I-Corps Team Turning Heat Into Ice!

November 9, 2020

Aurora Power Plant
Power plants like Aurora Energy in Fairbanks generate excess heat that could be used to make ice. Photo by Amanda Byrd.


Everyone needs ice. Even, perhaps especially, people in the Alaska fishing industry. But, in remote Alaska communities where heat often goes straight up the flue pipe, that heat could be turned into solid gold, as ice!

Using waste heat from power plants to make ice isn’t a new idea. It’s even been done with geothermal power plants like Chena Hot Springs. Finding the right scale for a unit that is both economical and useful is tricky.

Creating an innovation is one of the very first steps in developing a commercial product. Figuring out whether there are people – hopefully many people – who need and are willing to pay for your innovation is another challenge.

An Alaska Center for Energy and Power team is currently going through the I-Corps program to test whether their innovative method to turn waste heat into ice can find a market.

Center ICE launched the Alaska Foundational I-Corps program to help guide and empower Alaskan innovators, entrepreneurs, scientists, researchers and students to test the commercial potential of their ideas and research.

OIPC’s David Park is journeying with Patty Eagan, Robert Bensin and David Denkenberger through the I-Corps program. Park and Eagan are taking on the customer discovery portion of the project.

“It’s been a really different time during the COVID-19 pandemic,” says Park. “You could do a lot more customer discovery more efficiently by going to certain conferences and meeting people in person and in large groups that are already gathered.” I-Corps teams receive $3,000 in funding for travel to conduct customer discovery interviews.

Sometimes the customer you have in your mind is not the one who would necessarily buy your product. “We didn’t have a [firm] idea after the fishing industry of other customer segments,” said Park. “We thought of other possibilities like farms with bio-digesters and rural grocery shops that had diesel generators.”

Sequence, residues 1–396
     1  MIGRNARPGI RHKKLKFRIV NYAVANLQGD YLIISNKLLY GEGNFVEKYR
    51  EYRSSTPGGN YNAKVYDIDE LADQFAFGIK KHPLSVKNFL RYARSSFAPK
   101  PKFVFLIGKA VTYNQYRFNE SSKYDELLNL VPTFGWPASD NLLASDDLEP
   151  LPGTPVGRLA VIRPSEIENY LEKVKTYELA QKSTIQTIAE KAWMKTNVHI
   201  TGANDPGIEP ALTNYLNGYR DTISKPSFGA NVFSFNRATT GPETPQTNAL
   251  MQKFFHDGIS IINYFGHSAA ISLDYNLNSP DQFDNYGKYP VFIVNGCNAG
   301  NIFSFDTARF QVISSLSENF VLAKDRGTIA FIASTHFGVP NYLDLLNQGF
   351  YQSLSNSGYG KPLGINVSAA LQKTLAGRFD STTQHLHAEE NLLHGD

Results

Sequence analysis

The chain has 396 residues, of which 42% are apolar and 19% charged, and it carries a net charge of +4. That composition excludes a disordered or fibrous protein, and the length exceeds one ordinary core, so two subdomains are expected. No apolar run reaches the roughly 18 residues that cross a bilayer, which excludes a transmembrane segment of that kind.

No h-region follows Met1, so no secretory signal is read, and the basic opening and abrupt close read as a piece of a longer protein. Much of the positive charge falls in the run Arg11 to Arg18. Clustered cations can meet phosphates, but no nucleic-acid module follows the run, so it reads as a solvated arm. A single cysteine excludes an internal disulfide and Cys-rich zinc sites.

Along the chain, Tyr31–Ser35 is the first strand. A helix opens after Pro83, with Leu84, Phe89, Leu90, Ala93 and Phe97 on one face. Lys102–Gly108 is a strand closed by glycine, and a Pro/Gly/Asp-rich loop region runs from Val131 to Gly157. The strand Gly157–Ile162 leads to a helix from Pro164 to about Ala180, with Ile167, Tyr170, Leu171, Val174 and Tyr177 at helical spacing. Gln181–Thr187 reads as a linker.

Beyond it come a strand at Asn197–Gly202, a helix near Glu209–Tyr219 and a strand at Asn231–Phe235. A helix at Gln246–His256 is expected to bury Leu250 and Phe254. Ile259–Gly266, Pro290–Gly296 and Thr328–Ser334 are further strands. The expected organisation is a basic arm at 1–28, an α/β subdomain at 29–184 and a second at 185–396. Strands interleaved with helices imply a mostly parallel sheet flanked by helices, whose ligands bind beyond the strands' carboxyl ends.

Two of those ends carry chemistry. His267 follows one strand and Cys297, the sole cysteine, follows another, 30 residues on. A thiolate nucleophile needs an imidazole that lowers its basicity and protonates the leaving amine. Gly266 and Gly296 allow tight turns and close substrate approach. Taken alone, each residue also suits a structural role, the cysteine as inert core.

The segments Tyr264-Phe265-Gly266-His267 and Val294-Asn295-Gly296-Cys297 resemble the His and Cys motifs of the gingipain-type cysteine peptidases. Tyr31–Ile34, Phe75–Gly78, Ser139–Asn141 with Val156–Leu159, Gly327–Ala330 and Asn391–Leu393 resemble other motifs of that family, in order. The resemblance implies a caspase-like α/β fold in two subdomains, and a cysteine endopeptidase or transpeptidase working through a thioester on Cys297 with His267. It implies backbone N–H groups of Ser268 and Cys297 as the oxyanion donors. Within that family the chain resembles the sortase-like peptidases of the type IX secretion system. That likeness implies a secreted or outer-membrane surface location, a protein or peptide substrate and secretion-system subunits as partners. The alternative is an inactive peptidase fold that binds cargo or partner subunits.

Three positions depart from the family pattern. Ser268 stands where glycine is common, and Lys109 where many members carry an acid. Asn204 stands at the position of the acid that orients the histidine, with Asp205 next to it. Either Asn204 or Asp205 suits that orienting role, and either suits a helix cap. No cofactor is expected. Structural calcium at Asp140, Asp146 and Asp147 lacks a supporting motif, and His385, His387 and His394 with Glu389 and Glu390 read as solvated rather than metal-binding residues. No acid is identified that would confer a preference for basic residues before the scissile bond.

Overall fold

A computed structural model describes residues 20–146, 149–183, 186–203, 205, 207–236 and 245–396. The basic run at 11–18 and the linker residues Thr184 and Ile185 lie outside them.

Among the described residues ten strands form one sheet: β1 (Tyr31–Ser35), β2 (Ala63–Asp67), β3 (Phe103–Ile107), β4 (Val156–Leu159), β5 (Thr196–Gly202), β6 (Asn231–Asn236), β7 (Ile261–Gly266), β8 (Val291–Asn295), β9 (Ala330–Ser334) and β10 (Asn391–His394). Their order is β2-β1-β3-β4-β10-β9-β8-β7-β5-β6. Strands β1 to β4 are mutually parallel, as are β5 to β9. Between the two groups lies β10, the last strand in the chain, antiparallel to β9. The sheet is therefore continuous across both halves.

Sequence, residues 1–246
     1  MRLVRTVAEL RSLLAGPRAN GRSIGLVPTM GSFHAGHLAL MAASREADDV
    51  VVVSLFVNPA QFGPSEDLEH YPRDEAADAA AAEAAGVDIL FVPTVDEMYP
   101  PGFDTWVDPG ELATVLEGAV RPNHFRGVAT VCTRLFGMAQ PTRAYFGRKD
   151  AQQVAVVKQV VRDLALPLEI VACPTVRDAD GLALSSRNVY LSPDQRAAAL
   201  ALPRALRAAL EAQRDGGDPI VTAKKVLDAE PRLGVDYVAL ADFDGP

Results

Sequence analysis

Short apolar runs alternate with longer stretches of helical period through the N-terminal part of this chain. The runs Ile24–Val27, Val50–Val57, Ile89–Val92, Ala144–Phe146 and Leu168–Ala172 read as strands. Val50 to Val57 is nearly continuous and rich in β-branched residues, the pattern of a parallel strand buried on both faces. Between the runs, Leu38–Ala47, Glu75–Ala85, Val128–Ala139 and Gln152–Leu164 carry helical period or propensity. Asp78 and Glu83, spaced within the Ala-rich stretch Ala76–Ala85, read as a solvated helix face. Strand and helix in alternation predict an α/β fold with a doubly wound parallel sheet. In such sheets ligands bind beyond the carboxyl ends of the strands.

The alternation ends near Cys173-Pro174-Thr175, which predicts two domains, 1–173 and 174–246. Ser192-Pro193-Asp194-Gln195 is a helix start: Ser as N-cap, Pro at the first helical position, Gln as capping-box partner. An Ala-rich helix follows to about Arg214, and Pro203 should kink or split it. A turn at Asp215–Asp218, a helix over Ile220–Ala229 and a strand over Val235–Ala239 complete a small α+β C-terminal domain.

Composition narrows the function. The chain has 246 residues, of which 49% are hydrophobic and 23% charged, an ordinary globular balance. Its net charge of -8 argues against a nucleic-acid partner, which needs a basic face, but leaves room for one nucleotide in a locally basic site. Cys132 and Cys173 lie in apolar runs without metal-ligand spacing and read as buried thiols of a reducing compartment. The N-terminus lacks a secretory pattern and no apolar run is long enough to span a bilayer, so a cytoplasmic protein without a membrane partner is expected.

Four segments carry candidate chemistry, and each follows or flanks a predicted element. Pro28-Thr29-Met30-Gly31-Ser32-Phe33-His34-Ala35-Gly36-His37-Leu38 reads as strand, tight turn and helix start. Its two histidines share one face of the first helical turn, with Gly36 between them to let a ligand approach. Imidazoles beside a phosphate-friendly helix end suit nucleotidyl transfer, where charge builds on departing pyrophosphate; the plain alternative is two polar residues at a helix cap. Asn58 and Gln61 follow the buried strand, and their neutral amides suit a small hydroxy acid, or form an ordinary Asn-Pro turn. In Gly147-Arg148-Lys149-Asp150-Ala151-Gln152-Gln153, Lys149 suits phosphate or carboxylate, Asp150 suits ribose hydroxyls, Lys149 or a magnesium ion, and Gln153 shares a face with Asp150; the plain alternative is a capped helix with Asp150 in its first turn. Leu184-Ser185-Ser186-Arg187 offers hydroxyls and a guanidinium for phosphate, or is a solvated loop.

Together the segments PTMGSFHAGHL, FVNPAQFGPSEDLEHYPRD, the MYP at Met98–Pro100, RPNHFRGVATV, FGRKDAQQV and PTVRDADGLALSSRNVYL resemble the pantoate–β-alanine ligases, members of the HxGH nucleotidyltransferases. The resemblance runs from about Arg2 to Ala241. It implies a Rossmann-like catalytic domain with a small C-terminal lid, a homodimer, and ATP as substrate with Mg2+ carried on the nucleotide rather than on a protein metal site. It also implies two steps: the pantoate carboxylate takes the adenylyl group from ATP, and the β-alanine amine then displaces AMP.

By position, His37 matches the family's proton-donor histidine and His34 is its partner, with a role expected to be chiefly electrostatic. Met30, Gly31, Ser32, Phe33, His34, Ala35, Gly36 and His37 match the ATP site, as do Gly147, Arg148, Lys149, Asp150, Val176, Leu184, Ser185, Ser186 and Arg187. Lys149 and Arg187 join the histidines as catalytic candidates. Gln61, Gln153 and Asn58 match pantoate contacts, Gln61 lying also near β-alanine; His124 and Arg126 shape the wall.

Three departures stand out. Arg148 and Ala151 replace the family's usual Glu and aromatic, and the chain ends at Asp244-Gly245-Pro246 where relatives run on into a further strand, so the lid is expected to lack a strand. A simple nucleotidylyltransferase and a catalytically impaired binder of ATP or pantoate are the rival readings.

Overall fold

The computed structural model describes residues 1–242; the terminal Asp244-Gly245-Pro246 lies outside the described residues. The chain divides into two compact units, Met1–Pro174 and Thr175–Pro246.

Park and Eagan started cold calling potential customer segments. “I talked to a handful of dairy farmers and pig farmers who had bio-digesters on their farms and then I talked to some manufacturers of those kinds of systems,” Park said. Cold calls included Alaska utilities and other heat-generating facilities.

Eagan, who has a master's degree in business administration from UAF, is not new to customer discovery or the business model canvass. She understands that in the customer discovery process, understanding the technology you are developing is not important, and could actually prove to be a hindrance. You are trying to find out what issues a sector is having, and not tell them about or try to sell them on your innovation.

“To start seeing patterns, I kind of like hearing about what the inefficiencies are and where they see an opportunity, whether it's directly related to [our innovation] or not,” says Eagan. One customer she spoke to sees an area that can be improved with efficiencies. “It's not going to be solved by our technology, but it is interesting to hear directly from the people who can kind of see what needs to happen even if they can't make it happen.”

Center ICE’s Nigel Sharp is the mentor for the I-Corps teams. He has always stressed to innovators that you can have the best product in the world, but someone has to be willing to pay for it.

“If there's no need [for your product] then it's not really going to do you any good,” said Eagan. “I think that's super, super important, to come out of the rut of just making something that's really great and [instead] make sure that it's something that people want and need.”

Learn more about I-Corps here.